I looked around the dimly lighted restaurant. Taking the time to admire the young couples on their dates. I smiled and asked myself “how many of them are truly happy? How many of them have been honest in their relationships?” You may think that I’m judging but trust me when I say that I know this all too well.
I looked at my watch and noticed that the appropriate time of waiting for someone has passed. I grabbed my things and was about to head for the door. Until a man sporting a black hood covering most of his face sat down across from me. I sat there in silence and slowly put my things back down.
I knew for sure that the man sitting in front of me was my friend Wade. He hasn’t aged a bit, where I aged at least five years, since the last time I saw him.
“You’re leaving already?” asked Wade.
“I thought you wouldn’t come,” I replied.
“Well, I’m here. You wanted to talk, and I decided to hear you out,” said Wade.
“That’s a relief,” I snapped.
Even though it has been ten years since I talked to him. Wade wasn’t a man who wanted to talk things out when we had our problems. It was always the same shit with him. Just forget about it and move on was his motto.
“I could just leave and pretend this never happened. You know something that you’re obliviously good at,” stated Wade.
“I’m sorry, I didn’t mean—”
“Please, cut the bullshit. I heard this story before,” said Wade interrupting me.
I stood quietly for a second fighting back tears. As Wade gently tapped his fingers on the brown table. I looked around to see if anyone else was paying attention to our conversation. Thankfully, everyone one was too busy entertaining each other.
“I should’ve known this was a waste of time,” whispered Wade.
“You’re going to run away from me again? like you did with all your problems? No wonder you never stayed in a relationship,” I said.
“You know damn well why they didn’t work out,” said Wade.
“Then tell me, sit back down and explain to me what happened to you?” I pleaded.
Wade sat back down and removed his hoodie, rubbing his hand across his clean-shaved head. He took a glance at me and looked back down. He stopped rubbing his head and looked back at, “I see you still have that shirt.”
I looked down at the emerald cold shoulder blouse that Wade got me for mine twentieth birthday. “It’s called a blouse, and I thought it would help remind you of our friendship,” I said.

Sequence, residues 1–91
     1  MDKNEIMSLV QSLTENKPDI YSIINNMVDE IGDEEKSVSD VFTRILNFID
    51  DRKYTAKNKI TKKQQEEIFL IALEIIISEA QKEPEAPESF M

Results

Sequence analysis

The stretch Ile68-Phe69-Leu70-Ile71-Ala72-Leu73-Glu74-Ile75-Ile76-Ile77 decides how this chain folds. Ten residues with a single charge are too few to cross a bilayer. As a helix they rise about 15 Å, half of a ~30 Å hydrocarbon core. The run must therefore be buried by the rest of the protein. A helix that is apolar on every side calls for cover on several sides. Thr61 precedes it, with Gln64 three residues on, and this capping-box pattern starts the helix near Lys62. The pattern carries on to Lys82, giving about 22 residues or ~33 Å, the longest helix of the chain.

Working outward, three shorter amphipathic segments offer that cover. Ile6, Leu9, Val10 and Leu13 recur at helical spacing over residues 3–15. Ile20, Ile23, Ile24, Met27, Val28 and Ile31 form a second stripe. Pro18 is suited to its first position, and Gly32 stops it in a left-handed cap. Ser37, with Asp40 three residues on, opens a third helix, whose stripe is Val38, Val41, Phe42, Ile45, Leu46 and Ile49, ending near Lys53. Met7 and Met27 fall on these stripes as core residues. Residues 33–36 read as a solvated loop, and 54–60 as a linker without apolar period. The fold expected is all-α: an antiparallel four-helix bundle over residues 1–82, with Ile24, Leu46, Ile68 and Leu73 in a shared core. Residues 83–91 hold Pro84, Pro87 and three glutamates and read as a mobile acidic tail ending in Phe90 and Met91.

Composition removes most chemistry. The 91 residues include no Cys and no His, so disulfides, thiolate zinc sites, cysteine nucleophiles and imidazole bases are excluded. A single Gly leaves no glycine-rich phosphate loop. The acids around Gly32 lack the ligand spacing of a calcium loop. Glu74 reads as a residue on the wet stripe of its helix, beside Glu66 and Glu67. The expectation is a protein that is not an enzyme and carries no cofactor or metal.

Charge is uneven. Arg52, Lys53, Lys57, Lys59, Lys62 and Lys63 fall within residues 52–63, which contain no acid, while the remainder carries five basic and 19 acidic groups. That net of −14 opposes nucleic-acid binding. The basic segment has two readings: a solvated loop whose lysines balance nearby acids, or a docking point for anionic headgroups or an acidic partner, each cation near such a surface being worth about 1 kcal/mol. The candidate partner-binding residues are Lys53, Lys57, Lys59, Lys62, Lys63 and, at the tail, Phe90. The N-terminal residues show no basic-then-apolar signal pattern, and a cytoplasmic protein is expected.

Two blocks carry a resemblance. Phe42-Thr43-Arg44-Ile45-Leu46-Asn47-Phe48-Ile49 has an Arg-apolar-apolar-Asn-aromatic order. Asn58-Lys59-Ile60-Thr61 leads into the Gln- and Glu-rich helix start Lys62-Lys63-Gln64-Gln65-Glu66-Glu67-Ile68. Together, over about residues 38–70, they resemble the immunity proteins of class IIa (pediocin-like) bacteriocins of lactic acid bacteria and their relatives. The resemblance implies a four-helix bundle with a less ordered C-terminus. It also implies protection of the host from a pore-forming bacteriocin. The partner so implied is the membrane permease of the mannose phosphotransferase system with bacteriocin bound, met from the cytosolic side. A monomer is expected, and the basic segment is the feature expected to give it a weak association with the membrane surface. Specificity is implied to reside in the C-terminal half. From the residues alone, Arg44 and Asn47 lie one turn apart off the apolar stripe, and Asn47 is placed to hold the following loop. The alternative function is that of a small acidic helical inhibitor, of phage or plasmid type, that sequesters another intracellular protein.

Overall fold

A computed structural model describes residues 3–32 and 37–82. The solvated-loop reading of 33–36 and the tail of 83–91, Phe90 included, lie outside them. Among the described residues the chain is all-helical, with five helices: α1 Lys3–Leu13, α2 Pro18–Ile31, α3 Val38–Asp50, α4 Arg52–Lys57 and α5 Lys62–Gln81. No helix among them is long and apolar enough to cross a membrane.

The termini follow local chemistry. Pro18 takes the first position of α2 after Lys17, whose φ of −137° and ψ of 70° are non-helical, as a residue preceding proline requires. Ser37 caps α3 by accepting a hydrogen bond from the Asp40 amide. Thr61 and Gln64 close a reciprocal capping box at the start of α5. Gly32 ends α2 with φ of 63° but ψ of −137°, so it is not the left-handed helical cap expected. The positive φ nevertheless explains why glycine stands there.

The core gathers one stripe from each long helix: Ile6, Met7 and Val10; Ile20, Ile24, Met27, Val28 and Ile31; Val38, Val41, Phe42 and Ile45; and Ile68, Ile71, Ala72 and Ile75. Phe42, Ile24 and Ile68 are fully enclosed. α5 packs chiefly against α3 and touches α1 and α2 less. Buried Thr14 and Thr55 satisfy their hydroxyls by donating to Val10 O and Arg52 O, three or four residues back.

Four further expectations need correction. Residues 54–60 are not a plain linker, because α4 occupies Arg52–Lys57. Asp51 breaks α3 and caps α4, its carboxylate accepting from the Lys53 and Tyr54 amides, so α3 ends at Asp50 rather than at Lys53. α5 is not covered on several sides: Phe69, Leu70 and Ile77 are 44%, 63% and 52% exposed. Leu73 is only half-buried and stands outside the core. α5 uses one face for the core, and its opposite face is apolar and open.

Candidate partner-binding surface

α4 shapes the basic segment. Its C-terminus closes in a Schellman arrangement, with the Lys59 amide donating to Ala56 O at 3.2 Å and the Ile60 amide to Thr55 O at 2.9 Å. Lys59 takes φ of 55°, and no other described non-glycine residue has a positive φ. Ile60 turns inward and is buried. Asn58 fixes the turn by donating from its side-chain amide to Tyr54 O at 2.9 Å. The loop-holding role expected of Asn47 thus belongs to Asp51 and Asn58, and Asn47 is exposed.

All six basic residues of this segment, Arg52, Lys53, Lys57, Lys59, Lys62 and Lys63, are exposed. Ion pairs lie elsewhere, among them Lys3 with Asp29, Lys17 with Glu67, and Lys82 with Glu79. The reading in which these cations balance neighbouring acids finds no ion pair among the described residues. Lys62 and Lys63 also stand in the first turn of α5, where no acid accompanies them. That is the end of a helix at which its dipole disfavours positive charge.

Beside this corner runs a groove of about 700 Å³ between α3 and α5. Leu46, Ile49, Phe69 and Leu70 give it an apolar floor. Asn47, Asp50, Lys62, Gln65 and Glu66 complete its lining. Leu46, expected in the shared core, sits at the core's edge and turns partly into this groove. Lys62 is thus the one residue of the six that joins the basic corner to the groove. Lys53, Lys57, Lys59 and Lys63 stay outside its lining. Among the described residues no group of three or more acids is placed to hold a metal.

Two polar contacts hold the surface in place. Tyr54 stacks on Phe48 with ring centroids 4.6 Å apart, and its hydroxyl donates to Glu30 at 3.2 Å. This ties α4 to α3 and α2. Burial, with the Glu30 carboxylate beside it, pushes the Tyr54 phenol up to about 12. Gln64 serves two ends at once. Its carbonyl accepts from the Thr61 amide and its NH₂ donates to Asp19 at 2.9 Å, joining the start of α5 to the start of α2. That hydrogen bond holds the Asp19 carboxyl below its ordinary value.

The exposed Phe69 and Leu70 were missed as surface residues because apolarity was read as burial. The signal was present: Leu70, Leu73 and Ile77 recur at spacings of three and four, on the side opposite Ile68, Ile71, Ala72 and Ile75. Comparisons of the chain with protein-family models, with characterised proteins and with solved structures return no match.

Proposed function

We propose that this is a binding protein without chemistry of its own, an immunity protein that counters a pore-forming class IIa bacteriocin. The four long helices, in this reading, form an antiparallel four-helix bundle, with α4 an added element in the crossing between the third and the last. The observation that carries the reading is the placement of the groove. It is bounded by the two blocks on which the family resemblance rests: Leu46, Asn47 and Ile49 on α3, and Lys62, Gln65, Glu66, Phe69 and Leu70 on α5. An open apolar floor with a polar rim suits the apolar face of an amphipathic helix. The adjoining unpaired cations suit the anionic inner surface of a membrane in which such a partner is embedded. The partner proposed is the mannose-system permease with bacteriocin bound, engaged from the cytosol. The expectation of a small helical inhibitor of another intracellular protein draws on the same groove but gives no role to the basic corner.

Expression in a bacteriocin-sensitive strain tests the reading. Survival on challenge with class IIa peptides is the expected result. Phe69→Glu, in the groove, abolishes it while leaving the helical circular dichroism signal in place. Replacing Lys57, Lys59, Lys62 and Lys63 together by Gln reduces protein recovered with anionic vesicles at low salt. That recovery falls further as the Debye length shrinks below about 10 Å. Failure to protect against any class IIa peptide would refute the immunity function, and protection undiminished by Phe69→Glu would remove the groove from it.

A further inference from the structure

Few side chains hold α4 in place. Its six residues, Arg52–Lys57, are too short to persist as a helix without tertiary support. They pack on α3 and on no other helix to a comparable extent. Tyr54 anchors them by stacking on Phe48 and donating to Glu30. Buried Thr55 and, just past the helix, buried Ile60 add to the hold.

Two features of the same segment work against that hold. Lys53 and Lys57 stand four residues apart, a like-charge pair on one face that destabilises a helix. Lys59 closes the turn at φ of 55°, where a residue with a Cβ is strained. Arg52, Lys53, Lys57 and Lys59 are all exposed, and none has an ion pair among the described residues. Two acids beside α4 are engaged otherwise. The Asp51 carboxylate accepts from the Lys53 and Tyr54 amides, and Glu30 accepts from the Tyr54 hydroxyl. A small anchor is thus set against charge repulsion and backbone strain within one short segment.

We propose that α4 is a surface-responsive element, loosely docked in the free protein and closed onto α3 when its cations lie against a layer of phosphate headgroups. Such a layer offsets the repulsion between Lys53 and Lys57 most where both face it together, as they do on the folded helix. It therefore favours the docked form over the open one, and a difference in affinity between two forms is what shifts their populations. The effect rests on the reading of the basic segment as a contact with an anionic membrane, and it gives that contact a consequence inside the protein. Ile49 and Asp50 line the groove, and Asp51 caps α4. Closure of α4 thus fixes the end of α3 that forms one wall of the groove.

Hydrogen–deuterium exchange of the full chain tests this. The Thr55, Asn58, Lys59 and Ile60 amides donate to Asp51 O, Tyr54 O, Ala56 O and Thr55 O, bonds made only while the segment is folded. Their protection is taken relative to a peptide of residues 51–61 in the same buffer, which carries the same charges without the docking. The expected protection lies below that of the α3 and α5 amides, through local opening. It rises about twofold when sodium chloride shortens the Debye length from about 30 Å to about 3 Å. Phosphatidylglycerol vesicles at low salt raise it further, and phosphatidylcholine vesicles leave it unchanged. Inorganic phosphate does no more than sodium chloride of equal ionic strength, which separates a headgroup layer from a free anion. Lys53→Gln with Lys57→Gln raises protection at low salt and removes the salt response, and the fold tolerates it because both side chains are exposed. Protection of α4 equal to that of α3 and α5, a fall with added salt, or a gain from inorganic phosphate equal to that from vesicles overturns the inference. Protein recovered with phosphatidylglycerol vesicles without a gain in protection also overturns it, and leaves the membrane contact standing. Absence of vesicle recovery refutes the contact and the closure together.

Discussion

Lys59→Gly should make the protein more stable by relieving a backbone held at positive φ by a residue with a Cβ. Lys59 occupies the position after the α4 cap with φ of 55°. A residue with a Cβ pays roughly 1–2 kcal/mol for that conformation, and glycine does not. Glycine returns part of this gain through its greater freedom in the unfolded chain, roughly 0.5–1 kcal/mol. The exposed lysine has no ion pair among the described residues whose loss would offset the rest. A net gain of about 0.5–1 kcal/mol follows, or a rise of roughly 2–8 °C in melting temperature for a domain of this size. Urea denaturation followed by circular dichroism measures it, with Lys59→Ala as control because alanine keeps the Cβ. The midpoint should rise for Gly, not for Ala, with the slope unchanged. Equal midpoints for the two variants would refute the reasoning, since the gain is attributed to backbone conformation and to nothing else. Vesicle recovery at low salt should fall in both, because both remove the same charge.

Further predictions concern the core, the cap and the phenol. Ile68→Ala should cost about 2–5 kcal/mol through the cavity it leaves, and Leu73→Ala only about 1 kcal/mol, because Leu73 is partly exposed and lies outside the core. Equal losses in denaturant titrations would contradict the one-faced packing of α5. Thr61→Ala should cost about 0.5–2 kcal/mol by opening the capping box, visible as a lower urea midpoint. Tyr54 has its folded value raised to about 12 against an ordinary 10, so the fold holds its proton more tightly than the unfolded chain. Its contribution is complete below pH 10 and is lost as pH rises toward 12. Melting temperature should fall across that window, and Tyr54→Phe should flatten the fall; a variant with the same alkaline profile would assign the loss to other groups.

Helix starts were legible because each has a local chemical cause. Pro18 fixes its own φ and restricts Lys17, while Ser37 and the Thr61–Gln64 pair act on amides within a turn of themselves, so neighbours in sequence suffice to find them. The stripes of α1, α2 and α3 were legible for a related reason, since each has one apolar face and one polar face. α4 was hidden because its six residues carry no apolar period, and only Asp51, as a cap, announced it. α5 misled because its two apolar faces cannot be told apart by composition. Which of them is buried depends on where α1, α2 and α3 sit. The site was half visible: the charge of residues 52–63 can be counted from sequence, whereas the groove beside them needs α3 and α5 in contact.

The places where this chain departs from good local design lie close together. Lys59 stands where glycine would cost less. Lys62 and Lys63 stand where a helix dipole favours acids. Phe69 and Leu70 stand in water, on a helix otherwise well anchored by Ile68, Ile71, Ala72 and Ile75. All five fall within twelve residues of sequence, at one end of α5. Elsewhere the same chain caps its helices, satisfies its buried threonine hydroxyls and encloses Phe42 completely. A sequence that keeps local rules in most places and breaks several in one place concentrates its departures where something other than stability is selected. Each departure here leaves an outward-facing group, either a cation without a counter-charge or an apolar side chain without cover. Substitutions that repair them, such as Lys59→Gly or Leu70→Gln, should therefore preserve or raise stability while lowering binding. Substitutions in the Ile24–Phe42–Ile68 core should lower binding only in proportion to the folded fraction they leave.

“Ten years and that shirt still looks new,” said Wade.
“How do you know that I didn’t take care of this one?” I asked
He stared right into my eyes like he wanted to rip my soul out of my body. But I sat there and stayed calm. Not wanting him to get the upper hand on what he thought he knew. Truth be told, that was the first time I wore the shirt. I kept it hidden from my ex-husband after he got upset about the last gift that Wade gave me.
“You were never good at lying,” said Wade.
“I know that’s why I just tell the truth. So, believe me when I say I took care of this shirt,” I lied.
“Like I said, never that good,” said Wade.
There was a moment of silence between us until a beautiful young waitress approached our table. “Hi, I’m Melissa and I’ll be your waitress this evening, so what will it be for tonight?”
“Oh, we’re just having drinks, so I will have a simple margarita,” I said
“And I will have a Whiskey Sour thank you,” said Wade.
“Okay, I’ll need to see Id’s first,” said Melissa.
We pulled out our Id’s and handed them to her. She looked at them for a few seconds and turned her attention towards Wade, “You look a little young to be thirty.”
“I get that a lot, but I’m positive that’s my real age. Thank you for the compliment though,” said Wade.
The fact that Wade was flirting with her annoyed me. He would always keep his attention on me when it was only just the two of us. I loved that about him. He always made me feel important in his life. Like I was the only thing that mattered.
“Okay, here you go, and I’ll be back with your drinks,” said Melissa.
She walked away from our table and I turned my attention back towards Wade. He sat there waiting for me to say something. But I wanted to be careful about what I was going to say next. I knew I only had this one chance, and I didn’t want to mess it up.
“Can we at least act civilize?” I asked
“You mean before or after your wedding day,” replied Wade.
“Okay that’s fair, can we just start over?” I asked.
He looked at the table for a second as the waitress came back with our drinks. “Here you go, if you need anything just give me a shout and I’ll be here in a jiffy.”
“Thanks,” said Wade.
“Thank You,” I followed.
We both took a sip of our drinks and put the glasses back on the table. I squeezed my face tightly and stuck my tongue out. Wade laughed a little as I withdrew my tongue.
“Hey, I remember that famous smile,” I said.
“Yeah, it’s been a while since I smiled. Or even laughed at the petty things,” said Wade.
“What happened to you?” I asked.
He stood quietly for a second and looked at the glass at the table. He stared at it for a few seconds and looked back at me with sorrow in his eyes. “It hasn’t been the easiest ten years for me. I did things that I’m not proud of, and I even pushed people away from me. And the sad part is I don’t blame anybody but myself. Not you, just me,” He explained.
“Wade, what happened to you?” I questioned.
“You tell me, everything was good between us for a while, and then poof you were gone. And I was on my own. I felt betrayed by you, especially everything that I did for you growing up,” explained Wade.
A tear escaped my face and I caught it with my index finger. I wipe it away and laid both of my hands on the table. I go to reach for Wade’s hand, but he quickly withdrew them from me. I brought my hands back to my stomach, but not removing them from the table.
“I don’t know where to start, “I stuttered.
“Start from the beginning. Where none of us knew it was going to be the beginning of the end,” said Wade.
“Okay, let’s start with Mike.”